I just finished the excellent, Good Work if You Can Get It, by Jason Brennan. An insider’s account into academia, the book shares what it takes to become a professor, backed by statistics.
What jumped out at me from the book was how surprisingly narrow the path to becoming a professor at a good school actually is:
Of all the people who start a PhD program, about half will graduate. … [O]nly about 12.8% of all PhD graduates in the United States can ever hope to land a tenure-track job. … Of the 20% or so people who get a long-term job, around 6% will get a (somewhat) research-focused tenure-track job.
Cal Newport made a similar point in our recent podcast conversation about his path to becoming an author:
Let’s say you want to write non-fiction. There are a few things to know:
1. You don’t write the book first. … That already goes against most people’s understanding. …
2. You have to have the agent first. People don’t like that. … But it’s easier to get an agent than to get a book deal, so if you can’t get an agent there’s probably a problem there.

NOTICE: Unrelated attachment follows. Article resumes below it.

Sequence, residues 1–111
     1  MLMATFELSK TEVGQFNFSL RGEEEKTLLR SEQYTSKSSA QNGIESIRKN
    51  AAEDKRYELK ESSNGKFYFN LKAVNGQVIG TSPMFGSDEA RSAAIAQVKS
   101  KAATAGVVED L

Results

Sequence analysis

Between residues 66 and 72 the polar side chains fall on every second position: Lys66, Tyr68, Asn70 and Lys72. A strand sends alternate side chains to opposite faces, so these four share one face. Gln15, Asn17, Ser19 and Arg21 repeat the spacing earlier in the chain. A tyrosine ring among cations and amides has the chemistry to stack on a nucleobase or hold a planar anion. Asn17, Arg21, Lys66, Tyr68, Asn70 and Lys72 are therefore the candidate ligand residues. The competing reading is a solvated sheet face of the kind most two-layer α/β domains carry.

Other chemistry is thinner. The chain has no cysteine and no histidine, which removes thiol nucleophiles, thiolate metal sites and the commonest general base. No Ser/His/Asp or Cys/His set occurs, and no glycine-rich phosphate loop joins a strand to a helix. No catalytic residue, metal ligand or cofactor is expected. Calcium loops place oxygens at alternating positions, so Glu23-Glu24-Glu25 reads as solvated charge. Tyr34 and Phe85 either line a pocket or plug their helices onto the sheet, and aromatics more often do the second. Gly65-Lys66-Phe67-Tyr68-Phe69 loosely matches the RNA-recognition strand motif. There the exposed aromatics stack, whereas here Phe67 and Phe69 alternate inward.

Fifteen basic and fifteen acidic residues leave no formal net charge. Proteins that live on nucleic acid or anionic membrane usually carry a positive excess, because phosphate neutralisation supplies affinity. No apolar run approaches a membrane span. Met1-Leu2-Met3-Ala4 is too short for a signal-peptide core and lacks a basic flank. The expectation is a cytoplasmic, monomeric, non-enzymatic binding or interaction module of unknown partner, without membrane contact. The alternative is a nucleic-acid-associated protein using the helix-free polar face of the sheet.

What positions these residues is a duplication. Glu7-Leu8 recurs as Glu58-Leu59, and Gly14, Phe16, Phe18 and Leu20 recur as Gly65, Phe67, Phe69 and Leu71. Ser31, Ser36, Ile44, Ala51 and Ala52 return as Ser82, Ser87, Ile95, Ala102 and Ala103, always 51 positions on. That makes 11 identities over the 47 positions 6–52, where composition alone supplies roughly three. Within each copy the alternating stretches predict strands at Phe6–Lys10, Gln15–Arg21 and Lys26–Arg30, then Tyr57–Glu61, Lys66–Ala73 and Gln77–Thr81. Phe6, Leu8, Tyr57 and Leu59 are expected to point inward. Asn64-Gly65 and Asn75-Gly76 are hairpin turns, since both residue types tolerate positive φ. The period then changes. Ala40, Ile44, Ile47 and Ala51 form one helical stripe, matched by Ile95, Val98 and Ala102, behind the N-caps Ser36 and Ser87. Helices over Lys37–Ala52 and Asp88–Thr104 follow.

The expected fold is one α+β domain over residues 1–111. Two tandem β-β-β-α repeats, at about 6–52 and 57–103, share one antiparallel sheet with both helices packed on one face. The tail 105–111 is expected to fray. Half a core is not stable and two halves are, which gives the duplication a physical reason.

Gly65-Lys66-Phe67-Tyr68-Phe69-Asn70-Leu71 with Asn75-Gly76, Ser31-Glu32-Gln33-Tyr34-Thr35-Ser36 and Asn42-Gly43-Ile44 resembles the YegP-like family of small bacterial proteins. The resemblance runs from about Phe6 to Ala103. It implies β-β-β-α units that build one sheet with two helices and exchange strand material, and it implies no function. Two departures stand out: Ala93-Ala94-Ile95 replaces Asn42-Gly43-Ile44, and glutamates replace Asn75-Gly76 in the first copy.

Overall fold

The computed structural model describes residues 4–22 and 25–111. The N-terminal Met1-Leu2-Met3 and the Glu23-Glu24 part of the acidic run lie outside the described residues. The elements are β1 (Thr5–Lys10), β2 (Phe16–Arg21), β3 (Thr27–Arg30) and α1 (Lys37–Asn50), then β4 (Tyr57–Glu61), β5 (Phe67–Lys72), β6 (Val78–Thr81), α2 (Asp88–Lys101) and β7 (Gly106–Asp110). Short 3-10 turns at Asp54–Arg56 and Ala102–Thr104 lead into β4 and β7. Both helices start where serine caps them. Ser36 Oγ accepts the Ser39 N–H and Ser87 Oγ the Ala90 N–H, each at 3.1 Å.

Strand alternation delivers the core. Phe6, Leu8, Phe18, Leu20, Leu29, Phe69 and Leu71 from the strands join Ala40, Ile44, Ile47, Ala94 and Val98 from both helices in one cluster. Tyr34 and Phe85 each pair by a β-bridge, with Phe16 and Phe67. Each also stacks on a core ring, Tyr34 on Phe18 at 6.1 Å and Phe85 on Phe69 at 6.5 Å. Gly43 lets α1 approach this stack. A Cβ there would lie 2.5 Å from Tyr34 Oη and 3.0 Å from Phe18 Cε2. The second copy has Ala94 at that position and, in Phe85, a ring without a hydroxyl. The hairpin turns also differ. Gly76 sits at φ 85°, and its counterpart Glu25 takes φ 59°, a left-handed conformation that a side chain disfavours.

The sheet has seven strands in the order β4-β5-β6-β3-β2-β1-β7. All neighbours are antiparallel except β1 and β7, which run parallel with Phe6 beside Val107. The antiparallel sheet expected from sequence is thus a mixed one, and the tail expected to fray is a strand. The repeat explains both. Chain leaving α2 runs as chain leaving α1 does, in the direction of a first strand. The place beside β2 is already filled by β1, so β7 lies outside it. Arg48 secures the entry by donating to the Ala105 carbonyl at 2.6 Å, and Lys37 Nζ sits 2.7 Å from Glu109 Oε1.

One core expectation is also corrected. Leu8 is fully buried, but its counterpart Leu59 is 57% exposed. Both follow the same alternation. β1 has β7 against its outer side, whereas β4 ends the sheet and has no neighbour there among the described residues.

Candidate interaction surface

3. For a first-time author, it has to be a topic that a lot of people are going to buy and you have to be the right person to write that book. …
When I got that information, I realized that the only way I could get into the publishing industry at the age of twenty was, “What if I write a book for college kids?” There’s a big market. … There’s a pitch to be made that these books should be written by someone who is in college, and I was a good student at a good school.
It was this very narrow lane. One of the very few lanes I could have possibly gotten a book deal in.
Narrow paths to success aren’t limited to authors and academics, however. Legendary investor and entrepreneur Paul Graham argues the same:
What Creates a Narrow Path for Success?
The narrow path to success in many fields is a fact many of us don’t want to face. Instead, we want stories of rare misfits who manage to beat the odds.
But to beat the odds, you first have to understand the game you’re playing.
Why is success so narrow? I can see three explanations, none mutually exclusive:
1. Elite achievement is really, really hard.
Beating the top 1% isn’t just harder than beating the average—it’s different.
To do better than average, effort OR talent OR strategy is often enough. To be in the top strata of many fields requires flipping all those ORs to ANDs.